With land as expensive as ever, housing demand tight, and a growing number of single adults, plenty of folks are willing to sacrifice a cooktop to save on rent. And now that the “sharing economy” includes everything from cars to office space, sharing sinks and spatulas no longer sounds so crazy, let alone immoral.
Pushing the envelope
Even a studio apartment, at minimum, needs a kitchenette, a bathroom and somewhere to sleep. And even if a developer managed to get through all the red tape governing apartment size, there still lies that most basic metric: the bottom line.
“You really can’t put an apartment that’s livable in New York City for less than 300 square feet,” said Jorge Fontan, owner of Fontan Architecture.
The city’s zoning determines how many apartments a building can have. To find a building’s limit, planners rely on a metric called density factor. The lower it is, the more units can be crammed into the same square footage.
The city’s densest neighborhoods have a density factor of 680. In those areas, a 100,000-square-foot development could have 147 units, averaging about 680 feet.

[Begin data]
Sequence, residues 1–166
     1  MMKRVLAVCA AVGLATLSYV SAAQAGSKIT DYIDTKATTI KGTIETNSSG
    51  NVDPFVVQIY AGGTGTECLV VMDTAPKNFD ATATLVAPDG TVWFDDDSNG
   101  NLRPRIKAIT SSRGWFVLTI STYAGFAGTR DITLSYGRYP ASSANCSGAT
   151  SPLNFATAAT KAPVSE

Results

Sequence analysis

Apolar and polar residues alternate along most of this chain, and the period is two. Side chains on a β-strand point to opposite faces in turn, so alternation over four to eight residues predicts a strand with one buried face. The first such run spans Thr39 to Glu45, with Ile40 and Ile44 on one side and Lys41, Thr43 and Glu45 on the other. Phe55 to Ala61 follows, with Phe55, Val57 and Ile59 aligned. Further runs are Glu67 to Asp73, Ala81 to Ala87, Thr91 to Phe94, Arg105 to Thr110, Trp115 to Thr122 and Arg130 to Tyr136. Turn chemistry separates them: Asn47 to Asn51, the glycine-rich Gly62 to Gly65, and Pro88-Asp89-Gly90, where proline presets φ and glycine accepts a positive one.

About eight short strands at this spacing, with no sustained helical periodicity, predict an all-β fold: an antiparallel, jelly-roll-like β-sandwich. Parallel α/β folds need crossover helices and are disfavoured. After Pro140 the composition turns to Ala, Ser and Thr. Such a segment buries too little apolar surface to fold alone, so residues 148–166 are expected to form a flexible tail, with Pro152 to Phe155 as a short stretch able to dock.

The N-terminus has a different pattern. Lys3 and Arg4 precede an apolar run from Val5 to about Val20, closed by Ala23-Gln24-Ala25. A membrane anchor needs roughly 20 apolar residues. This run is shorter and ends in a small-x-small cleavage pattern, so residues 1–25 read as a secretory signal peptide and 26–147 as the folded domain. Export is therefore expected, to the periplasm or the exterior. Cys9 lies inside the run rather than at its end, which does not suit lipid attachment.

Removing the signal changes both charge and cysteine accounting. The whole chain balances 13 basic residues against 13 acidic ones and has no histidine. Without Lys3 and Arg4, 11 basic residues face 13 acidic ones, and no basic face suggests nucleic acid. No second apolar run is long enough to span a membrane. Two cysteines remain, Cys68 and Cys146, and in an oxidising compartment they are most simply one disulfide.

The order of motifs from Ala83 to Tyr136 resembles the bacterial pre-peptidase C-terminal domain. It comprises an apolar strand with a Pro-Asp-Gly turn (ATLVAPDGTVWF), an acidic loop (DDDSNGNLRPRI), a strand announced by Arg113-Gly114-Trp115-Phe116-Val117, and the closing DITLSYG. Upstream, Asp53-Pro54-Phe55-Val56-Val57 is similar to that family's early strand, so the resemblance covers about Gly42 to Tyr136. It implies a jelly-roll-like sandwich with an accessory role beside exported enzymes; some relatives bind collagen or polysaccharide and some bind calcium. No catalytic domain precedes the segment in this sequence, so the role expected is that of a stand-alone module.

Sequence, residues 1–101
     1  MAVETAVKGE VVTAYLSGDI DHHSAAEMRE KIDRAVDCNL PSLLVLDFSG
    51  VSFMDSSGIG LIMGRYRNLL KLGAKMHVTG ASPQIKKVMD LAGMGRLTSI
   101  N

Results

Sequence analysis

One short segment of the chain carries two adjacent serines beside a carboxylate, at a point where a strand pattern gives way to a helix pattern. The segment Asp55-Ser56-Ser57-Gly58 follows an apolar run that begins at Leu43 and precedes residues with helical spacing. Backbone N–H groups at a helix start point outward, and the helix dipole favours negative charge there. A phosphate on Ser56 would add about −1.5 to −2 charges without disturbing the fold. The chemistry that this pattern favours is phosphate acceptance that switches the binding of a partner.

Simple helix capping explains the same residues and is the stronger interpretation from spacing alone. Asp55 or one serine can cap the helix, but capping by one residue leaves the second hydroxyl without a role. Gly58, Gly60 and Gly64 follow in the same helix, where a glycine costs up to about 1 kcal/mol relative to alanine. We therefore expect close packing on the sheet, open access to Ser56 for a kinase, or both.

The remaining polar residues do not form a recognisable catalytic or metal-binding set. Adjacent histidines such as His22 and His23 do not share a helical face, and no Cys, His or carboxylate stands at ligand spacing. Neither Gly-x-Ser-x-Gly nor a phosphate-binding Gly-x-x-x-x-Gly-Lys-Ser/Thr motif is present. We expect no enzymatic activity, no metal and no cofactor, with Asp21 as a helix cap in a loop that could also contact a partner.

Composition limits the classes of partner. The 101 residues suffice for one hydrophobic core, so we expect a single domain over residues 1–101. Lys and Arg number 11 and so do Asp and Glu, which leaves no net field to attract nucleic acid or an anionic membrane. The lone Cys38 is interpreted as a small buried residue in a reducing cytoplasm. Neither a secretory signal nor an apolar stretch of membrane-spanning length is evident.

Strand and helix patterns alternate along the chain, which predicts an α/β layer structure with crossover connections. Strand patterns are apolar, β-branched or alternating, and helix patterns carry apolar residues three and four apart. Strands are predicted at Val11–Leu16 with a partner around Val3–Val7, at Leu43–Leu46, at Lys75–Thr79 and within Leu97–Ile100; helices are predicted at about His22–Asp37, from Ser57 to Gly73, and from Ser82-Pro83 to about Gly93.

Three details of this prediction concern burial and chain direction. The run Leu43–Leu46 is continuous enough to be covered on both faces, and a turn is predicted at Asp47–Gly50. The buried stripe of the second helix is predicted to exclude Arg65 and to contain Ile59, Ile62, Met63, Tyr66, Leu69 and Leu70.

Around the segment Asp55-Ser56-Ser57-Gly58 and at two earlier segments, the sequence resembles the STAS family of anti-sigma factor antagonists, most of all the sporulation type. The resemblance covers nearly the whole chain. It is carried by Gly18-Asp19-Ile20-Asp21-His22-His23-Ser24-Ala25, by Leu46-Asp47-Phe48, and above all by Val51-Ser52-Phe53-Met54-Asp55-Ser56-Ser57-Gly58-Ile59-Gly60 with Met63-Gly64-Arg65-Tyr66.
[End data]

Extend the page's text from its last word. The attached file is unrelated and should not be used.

No matter how small the units, 147 is the maximum. Developers can try to sell the unbuilt space as air rights to an adjacent parcel owner, but that’s an iffy proposition.
“It doesn’t work out mathematically for a lot of people,” said Fontan. “If it were a great idea, you’d see it on every block.”
Co-living represents a whole different opportunity.
“The fact that you don’t have to provide a kitchen and bathroom for each unit saves a lot of money for construction costs,” said Meredith McNair, a community planner at Cypress Hills Local Development Corporation.
Her group is working on ShareNYC’s second pilot project, a complete refresh of an old SRO at 246 Lincoln Avenue in Cypress Hills, Brooklyn. The nonprofit plans to turn those savings into lower rents for tenants, who will be extremely-low-income.
Cypress Hills Local Development plans a gut renovation, which will restore the existing spaces and add two new rooming units, a kitchen and a shared living room in the cellar.
But it hasn’t all been good news. The developer is still trying to pin down a private mortgage to supplement HPD funds, but most federal lenders won’t issue money for single-room occupancies. SRO rules also require an on-site property manager, which takes a unit away from low-income renters and requires a super willing to move into a co-living facility.